NEW ORLEANS -- Environmental groups asked a federal court Wednesday to throw out the Trump administration's assessment of oil and gas activity's likely effects on endangered species in the Gulf of Mexico, saying it dismisses the chance of another disastrous blowout like the BP spill of 2010.
The National Marine Fisheries Service's 700-page analysis greatly underestimates the likely number and size of oil spills, according to the suit filed by Earthjustice on behalf of the Sierra Club, the Center for Biological Diversity, Friends of the Earth and Turtle Island Restoration Network.
Even though the study was prompted by the 2010 spill, it "essentially pretends the Deepwater Horizon spill never happened -- that there was nothing to learn from that disaster," Earthjustice attorney Chris Eaton said in an interview Tuesday.
The federal agency said it left the possibility of a large spill like BP's out of its calculations of likely effects because a Bureau of Offshore Energy Management analysis found little chance of another during the next 50 years.
The previous analysis, in 2007, also estimated that "such a large spill was extremely unlikely," the lawsuit noted. That analysis had estimated that "the largest spill possible would be at most 15,000 barrels," or 630,000 gallons.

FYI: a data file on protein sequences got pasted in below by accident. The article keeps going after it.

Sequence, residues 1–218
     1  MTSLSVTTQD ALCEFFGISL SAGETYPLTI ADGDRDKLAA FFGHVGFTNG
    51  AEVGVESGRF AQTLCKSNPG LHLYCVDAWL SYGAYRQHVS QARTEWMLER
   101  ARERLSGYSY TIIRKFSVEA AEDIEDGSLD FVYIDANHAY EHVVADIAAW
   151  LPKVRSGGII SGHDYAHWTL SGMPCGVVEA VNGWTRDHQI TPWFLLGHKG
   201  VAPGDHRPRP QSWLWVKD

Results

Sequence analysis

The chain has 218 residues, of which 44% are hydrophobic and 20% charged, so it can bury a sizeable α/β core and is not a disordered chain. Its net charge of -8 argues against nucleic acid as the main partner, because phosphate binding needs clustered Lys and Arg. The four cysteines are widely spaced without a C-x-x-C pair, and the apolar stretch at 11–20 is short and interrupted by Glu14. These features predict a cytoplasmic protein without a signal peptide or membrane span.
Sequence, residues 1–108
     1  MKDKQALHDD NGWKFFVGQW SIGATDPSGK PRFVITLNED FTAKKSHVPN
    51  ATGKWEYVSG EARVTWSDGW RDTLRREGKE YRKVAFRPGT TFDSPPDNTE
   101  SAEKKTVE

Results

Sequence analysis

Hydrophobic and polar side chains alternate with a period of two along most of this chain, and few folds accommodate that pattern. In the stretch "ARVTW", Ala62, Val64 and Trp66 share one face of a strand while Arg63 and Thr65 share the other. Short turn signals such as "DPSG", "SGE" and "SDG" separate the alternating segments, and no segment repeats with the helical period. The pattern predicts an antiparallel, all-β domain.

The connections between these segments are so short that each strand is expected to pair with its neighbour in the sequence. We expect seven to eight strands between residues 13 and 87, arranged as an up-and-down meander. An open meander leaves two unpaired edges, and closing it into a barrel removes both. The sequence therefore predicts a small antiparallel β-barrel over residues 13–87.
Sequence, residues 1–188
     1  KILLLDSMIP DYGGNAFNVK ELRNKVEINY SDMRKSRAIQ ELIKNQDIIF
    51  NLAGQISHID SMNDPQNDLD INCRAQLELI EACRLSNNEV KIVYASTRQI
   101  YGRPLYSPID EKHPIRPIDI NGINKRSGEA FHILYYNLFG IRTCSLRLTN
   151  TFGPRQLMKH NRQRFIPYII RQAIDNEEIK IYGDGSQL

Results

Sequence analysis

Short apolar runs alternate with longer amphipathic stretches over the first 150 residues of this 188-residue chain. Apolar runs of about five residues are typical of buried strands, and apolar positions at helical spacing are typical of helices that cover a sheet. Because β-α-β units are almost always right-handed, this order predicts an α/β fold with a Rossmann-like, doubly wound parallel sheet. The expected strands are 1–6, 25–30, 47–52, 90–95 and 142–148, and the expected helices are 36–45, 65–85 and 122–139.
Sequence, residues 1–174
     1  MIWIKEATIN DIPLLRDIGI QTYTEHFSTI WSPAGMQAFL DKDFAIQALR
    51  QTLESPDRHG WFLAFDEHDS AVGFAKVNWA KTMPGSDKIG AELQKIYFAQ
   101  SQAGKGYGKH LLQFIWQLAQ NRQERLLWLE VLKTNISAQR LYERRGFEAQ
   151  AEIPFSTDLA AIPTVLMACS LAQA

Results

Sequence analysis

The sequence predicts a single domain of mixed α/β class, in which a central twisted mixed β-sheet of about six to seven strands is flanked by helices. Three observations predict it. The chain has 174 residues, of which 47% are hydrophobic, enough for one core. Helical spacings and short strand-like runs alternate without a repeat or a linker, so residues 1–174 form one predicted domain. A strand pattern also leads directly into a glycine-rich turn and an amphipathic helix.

The 2010 spill, which started with a blowout that killed 11 men, was hundreds of times bigger than that. A federal judge calculated damages based on 134 million gallons in the Gulf.
The chance of such a spill is even higher now, the lawsuit said, because "Gulf drilling is moving into deeper waters, which increases the possibility of a catastrophic well blowout and extremely large oil spill."
The study also failed to consider the increased frequency, because of climate change, of hurricanes that can severely damage oil and gas facilities, nor did it take into account recent research about the danger of underwater landslides that can cause large oil spills, the lawsuit said. In addition, it said, the analysis left out the BP spill's effects on the corals and other animals and their habitats, using population estimates and other information from before the spill.
Larry McKinney, chairman for Gulf strategies at Texas A&M Corpus Christi's Harte Research Institute for Gulf of Mexico Studies, called the National Oceanic and Atmospheric Administration Fisheries analysis one of the most detailed he's ever seen.
"Overall, I think they did as good a job as you can do with something like that," McKinney said.
He predicted the litigation will be lengthy because the report and lawsuit cover a lot of area and many species.